CARACAS (Reuters) – Venezuela owes $20.7 million to U.S. law firms handling litigation against creditors seeking to collect unpaid debts from bond defaults and nationalizations carried out more than 15 years ago, according to a document seen by Reuters.
The South American nation owes bondholders and companies more than $60 billion over companies nationalized under then-President Hugo Chavez as well as over defaulted bonds from the country and state oil firm PDVSA.
Some U.S. courts have granted creditors rights to negotiate the sale of Venezuelan assets abroad in order to collect debts, such as the Citgo refinery, the crown jewel of Venezuela’s overseas assets, and a subsidiary of PDVSA.
However, some assets are protected by the U.S. Treasury Department.
The interim government of former opposition leader Juan Guaido, who was removed at the end of last year by assembly vote, had hired some eight law firms to handle litigation with companies and bondholders, including one seeking to nullify PVDSA’s 2020 bonds, which had offered Citgo as collateral.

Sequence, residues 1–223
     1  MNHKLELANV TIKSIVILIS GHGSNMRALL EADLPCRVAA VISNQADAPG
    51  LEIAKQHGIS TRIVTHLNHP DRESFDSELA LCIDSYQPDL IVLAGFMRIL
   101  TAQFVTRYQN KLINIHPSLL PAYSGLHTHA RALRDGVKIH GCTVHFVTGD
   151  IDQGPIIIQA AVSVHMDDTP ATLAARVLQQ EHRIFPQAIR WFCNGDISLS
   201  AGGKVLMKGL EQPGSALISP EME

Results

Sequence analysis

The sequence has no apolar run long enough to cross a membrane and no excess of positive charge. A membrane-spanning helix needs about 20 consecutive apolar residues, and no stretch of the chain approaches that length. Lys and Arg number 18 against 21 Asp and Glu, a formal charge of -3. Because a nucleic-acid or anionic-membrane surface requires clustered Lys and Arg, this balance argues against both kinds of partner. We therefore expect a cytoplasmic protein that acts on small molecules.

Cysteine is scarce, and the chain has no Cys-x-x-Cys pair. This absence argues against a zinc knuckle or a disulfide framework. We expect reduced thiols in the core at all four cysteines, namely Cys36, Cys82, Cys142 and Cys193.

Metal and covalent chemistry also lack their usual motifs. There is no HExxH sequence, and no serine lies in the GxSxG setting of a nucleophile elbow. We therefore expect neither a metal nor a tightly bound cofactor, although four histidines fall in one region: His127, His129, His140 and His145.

Between October 2020 and October 2022, Venezuela’s opposition parliament authorized payments of nearly $30 million to the lawyers, but according to the document, they have yet to be paid $20.7 million.
In the document, a report from the interim government’s prosecution team, the lawyers say failure to pursue the lawsuits would risk losing the overseas assets.
Opposition groups maintain that control of overseas assets is not at risk, despite last month’s removal of the interim government, though they have not given details of what will happen with ongoing litigation.